Ragnar and Alice are the keepers of Camp Pollock. They patrol the grounds, track down rodents at dusk and relax in patchy grass underneath trees during the day.
They are affectionate with their owners, Elizabeth and Matt Gaylord, but these feral cats are considered unadoptable. They were given a new home through Sacramento County’s Bradshaw Animal Shelter, which offers free feral cats, spayed/neutered, vaccinated and micro-chipped, to businesses, barns, families and farms with rodent issues.
It’s a great way for families to save money on wiring repairs and harmful rodent killers, as well as save the lives of cats who might otherwise be euthanized, said shelter spokeswoman Kimberly Nava.
“I’d say since 2012, we’ve saved probably 250-350 of the cats’ lives,” Nava said. “They can continue living their lives and be productive members of society when they are keeping down the rodent population, which is chewing wires in homes, spreading diseases (and) ruining (people’s) livelihood.”
Never miss a local story.
When the cats begin to trust the people, they develop a good relationship.
Kimberly Nava, Sacramento County’s Bradshaw Animal Shelter
There are 30 million to 40 million homeless cats – strays who used to be domesticated and ferals who were born and raised in the wild – in the U.S., according to People for the Ethical Treatment of Animals and the Humane Society of the United States. The American Society for the Prevention of Cruelty to Animals estimates that almost half of feral cats die before their first year from exposure to diseases, parasites, outdoor conditions and attacks.
Feral cats are not used to human contact; they want to be outdoors and no amount of socializing will make them a house cat, Nava said. But the cats don’t always remain shy or aloof.
“When the cats begin to trust the people, they develop a good relationship,” Nava said. “They can pick up the cat and cuddle the cat.”
Ragnar and Alice will follow the Gaylords when they work on projects at Camp Pollock, where Matt is the property manager. While Alice is still pretty shy, Ragnar, whose namesake is the infamous pirate of the Ayn Rand novel “Atlas Shrugged,” is indistinguishable from a domesticated cat that likes to roam outdoors. When Elizabeth is around, he’ll mewl at her in a raspy tone and prance over to be showered with affection and even sit on his hind legs to be petted.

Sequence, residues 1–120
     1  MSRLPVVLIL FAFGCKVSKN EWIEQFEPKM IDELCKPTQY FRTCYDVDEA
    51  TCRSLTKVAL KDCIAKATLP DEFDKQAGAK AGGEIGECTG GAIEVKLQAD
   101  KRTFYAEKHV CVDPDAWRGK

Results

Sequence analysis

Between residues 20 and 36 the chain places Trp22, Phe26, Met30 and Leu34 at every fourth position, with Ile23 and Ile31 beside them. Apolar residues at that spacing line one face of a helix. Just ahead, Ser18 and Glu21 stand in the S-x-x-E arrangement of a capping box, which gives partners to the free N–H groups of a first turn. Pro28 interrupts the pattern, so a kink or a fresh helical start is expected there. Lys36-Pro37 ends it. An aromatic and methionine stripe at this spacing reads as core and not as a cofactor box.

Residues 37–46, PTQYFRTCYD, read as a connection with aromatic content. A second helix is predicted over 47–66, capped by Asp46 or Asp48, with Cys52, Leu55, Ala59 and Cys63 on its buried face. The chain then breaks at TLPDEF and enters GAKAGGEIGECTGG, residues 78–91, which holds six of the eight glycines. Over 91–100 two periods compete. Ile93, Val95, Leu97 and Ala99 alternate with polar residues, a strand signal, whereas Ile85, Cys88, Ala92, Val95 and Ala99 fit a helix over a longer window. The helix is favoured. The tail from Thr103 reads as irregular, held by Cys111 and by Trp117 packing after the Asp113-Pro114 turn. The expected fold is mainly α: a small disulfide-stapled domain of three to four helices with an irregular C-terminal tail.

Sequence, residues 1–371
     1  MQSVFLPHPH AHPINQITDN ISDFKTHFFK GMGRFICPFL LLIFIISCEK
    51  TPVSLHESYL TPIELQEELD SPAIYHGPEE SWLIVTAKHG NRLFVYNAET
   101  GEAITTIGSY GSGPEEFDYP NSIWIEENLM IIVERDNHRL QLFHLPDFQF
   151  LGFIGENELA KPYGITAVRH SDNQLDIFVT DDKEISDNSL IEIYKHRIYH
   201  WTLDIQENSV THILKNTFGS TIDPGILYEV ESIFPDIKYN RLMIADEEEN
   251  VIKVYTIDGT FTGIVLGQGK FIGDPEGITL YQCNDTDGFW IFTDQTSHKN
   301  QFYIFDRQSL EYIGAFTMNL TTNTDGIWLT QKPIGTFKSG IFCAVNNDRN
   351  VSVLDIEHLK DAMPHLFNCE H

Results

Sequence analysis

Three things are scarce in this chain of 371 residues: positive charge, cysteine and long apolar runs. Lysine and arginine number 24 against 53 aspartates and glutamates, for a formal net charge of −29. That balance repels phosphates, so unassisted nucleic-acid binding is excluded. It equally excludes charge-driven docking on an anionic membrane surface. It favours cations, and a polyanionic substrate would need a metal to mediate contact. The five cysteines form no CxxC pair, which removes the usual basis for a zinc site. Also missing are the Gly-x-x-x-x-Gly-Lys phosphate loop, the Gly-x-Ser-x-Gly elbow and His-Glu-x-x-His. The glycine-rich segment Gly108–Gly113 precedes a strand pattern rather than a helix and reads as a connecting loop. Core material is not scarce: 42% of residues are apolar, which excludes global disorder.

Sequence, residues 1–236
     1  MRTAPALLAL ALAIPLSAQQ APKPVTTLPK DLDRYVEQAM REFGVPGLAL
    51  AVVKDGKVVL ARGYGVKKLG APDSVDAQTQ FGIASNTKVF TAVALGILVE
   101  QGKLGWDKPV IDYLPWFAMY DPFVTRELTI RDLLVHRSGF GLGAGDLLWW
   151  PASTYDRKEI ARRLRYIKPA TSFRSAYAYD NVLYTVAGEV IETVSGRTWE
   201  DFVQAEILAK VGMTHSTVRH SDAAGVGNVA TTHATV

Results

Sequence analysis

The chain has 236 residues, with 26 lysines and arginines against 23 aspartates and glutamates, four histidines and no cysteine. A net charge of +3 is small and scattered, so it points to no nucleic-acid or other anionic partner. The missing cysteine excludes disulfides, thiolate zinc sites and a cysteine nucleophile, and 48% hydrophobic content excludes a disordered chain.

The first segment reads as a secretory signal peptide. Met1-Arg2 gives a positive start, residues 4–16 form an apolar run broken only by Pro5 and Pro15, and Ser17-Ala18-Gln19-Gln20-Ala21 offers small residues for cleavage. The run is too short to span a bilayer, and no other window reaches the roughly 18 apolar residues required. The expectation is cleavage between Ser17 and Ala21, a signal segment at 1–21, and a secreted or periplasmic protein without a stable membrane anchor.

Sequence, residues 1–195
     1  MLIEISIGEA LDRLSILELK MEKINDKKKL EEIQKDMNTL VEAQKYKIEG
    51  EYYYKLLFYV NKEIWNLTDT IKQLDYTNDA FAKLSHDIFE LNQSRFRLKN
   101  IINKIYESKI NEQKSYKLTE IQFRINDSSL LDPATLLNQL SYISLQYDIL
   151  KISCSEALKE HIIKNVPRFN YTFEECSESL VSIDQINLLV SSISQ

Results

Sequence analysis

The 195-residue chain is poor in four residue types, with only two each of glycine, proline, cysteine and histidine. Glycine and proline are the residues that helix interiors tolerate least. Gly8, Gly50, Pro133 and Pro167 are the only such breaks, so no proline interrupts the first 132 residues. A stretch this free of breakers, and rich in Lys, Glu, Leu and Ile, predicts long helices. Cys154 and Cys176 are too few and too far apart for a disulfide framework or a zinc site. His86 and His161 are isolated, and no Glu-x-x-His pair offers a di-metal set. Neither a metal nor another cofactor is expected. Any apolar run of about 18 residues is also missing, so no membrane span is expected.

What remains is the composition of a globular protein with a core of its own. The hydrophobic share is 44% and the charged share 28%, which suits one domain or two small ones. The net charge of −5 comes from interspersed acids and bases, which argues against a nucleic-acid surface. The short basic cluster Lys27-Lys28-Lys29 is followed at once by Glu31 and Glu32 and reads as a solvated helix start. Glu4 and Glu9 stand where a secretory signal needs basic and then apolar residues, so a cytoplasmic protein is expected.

“I don’t know how normal it is, but our two are very personable,” Gaylord said. “They really aren’t much different to us than our normal indoor cats. Very affectionate … really sweet, easy-to-handle cats.”
And they have done a good job of getting rid of rodents, Gaylord said. The historic Boy Scouts camp, now run by the Sacramento Valley Conservancy, doesn’t have a problem with mice in its sheds anymore, and electrical wires are no longer being gnawed. The couple bought humane traps for the rodents before they got Ragnar and Alice last November. But the traps were not effective in getting rid of the problem.
While cats offer an effective way to control rodent population, not everyone supports the idea of maintaining a large, outdoor feline population. Birding groups have for many years complained that the large number of abandoned house cats and feral cats in California’s parks and open space areas threaten native species.
While cats offer an effective way to control rodent population, not everyone supports the idea of maintaining a large, outdoor feline population. Roger Baldwin, a wildlife specialist at UC Davis, said barn cat programs, which are part of many shelters across the U.S., need to be used with caution.
“It’s an interesting process and they can be pretty effective at containing some of the pest situation,” he said. “(But) they also have a very negative impact on some of the native wildlife, particularly bird species.”
Birding groups have for many years complained that the large number of abandoned house cats and feral cats in California’s parks and open space areas threaten native species. Scientists at the California Academy of Sciences have said feral cats are partly responsible for the near-total disappearance of California quail – the state bird – from Golden Gate Park. And a 2013 report funded by the Smithsonian Conservation Biology Institute and the U.S. Fish and Wildlife Service estimated that domestic cats and strays kill a median 2.4 billion birds and 12.3 billion mammals a year, many of them native species like shrews, chipmunks and voles rather than mice and rats.